These recommendations reflect comments submitted by WEI and endorsed by 10 other women’s rights organizations in September 2016, available here. WEI commends the CEDAW Committee for these important advancements and looks forward here working with the Committee in the future to ensure the rights of women and girls with disabilities worldwide.

  • August 2, 2017   UN Women Issue Brief "Making the SDGS count for women and girls with disabilities" that highlights key issues for ending poverty (SDG 1), ensuring healthy lives (SDG 3), and mainstreaming disability to achieve gender equality (SDG 5). In this context, it is essential to address barriers in accessing adequate housing, health, education, and employment, as well as gender - related risk factors, including the exposure to violence and harmful practices and the lack of sexual and reproductive health services, in order to ensure full and equal participation of women and girls with disabilities in the 2030 Agenda. See the document at http://www.unwomen.org/-/media/headquarters/attachments/sections/library/publications/2017/making-sdgs-count-for-women-with-disabilities.pdf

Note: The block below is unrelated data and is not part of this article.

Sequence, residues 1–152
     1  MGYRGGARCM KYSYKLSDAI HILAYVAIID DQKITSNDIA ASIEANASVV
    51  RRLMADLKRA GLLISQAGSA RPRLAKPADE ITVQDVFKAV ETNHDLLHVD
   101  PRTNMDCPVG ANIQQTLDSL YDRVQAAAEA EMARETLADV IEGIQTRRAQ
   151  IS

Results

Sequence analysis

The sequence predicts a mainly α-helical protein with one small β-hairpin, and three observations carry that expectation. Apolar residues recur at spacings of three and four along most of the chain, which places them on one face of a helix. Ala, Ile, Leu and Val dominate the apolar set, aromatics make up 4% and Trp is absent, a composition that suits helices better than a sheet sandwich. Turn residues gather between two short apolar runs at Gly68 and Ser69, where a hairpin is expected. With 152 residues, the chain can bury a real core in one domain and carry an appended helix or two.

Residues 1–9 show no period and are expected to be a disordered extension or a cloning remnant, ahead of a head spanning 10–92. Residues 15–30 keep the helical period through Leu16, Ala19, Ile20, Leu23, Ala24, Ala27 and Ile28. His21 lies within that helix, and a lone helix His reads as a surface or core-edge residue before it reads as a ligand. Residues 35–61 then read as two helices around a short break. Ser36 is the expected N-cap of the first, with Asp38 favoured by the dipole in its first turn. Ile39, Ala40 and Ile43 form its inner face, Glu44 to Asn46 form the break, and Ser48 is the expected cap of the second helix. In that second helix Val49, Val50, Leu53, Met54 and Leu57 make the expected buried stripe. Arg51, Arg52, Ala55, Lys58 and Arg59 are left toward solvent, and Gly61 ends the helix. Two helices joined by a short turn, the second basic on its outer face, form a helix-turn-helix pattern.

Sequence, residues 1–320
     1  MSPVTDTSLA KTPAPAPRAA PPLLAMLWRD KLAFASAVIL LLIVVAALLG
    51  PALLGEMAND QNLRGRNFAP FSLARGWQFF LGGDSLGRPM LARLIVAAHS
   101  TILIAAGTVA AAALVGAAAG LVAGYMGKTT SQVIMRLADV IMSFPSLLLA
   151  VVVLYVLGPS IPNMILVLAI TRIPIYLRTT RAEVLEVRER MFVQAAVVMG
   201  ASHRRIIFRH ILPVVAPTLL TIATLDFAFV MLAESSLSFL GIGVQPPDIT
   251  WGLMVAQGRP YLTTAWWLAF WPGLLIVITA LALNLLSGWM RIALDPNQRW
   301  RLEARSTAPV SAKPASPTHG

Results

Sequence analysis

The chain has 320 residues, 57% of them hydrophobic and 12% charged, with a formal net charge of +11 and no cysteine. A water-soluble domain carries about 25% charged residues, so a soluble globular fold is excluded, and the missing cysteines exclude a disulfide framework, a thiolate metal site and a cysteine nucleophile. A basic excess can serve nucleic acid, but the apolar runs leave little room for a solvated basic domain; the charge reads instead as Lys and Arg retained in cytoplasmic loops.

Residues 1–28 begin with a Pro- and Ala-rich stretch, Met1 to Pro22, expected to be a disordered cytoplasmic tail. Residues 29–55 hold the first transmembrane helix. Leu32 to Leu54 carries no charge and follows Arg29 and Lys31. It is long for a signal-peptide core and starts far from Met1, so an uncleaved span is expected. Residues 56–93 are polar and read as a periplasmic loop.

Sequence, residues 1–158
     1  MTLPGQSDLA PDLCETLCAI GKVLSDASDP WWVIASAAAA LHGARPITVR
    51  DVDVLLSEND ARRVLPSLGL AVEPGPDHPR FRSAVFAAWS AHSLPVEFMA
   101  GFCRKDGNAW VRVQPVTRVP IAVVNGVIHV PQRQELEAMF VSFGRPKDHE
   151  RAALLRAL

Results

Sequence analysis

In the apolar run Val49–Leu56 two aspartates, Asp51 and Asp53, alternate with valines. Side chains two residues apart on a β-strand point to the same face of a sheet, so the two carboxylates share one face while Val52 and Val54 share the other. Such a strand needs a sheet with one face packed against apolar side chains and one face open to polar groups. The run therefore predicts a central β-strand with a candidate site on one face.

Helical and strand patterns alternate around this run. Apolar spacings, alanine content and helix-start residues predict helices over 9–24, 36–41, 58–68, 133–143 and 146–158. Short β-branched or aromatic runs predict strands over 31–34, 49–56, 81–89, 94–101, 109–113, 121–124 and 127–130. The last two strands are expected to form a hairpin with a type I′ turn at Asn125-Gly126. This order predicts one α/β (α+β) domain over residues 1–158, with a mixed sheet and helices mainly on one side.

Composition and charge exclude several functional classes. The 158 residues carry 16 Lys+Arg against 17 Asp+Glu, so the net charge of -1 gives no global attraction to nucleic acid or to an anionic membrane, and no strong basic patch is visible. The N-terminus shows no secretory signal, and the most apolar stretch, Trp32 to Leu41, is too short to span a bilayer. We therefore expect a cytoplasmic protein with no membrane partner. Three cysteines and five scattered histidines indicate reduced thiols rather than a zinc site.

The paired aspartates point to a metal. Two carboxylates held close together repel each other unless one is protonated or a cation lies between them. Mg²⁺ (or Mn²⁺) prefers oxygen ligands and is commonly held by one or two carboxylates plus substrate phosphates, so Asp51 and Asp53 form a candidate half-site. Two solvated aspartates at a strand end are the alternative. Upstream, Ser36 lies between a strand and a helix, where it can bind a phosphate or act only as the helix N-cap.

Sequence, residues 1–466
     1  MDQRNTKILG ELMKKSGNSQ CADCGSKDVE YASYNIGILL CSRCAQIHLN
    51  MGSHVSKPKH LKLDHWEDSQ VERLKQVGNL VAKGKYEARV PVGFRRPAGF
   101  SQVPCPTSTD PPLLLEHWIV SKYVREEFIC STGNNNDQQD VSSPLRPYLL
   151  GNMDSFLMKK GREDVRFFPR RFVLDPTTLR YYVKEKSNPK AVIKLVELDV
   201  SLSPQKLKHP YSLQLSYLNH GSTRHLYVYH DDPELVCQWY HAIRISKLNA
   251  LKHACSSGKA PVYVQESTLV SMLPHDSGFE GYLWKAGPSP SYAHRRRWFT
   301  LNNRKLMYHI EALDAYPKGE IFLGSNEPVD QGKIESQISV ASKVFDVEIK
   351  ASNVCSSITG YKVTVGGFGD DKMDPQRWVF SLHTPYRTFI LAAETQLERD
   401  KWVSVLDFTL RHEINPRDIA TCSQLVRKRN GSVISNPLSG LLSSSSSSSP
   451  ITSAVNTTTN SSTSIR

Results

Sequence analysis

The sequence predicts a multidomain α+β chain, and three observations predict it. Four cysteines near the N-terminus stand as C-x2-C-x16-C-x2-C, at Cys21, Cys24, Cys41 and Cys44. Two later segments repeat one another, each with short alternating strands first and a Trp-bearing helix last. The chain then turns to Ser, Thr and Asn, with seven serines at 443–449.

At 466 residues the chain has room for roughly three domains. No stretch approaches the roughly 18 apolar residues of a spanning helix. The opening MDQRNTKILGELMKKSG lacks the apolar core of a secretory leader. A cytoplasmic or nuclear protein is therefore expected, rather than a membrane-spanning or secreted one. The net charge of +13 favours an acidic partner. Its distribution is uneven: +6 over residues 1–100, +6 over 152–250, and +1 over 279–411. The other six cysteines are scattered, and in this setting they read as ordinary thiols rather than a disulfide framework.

• July 18, 2017 Women Enabled International Submission to the CRPD Committee on Its Draft General Comment No. 5 on CRPD Article 19 on the right to live independently and be included in the community, July 7, 2017. Read the full story.

  • July 18, 2017   WEI and Advocacy for Women with Disabilities Initiative (AWWDI), Legal Defence and Assistance Project (LEDAP), and Inclusive Friends Association, Submission to the CEDAW Committee’s Review of Nigeria, June 12, 2017. Read the full story.

 

View all 2017 news

Archived news from 2011-2016 is available here

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WORK WITH WEI

We've got opportunities posted:

Externally Funded Intl Legal Fellow Fall 2017

International Legal Interns Summer 2017

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WEI accountABILITY Toolkit

Click here for toolkit details


accountABILITY toolkit cover.

In the 21st century, women across the globe continue to experience gender-based discrimination that impedes the full realization of their human rights. WEI’s forthcoming toolkit seeks to empower women with disabilities, working on their behalf to make use of available U.N. mechanisms to ensure that the human rights violations against women with disabilities experience receive redress and to make sure that the U.N. incorporates an intersectional gender and disability rights perspective.

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Stephanie Ortoleva, Esq.,
President and Founder
+1.202.630.3818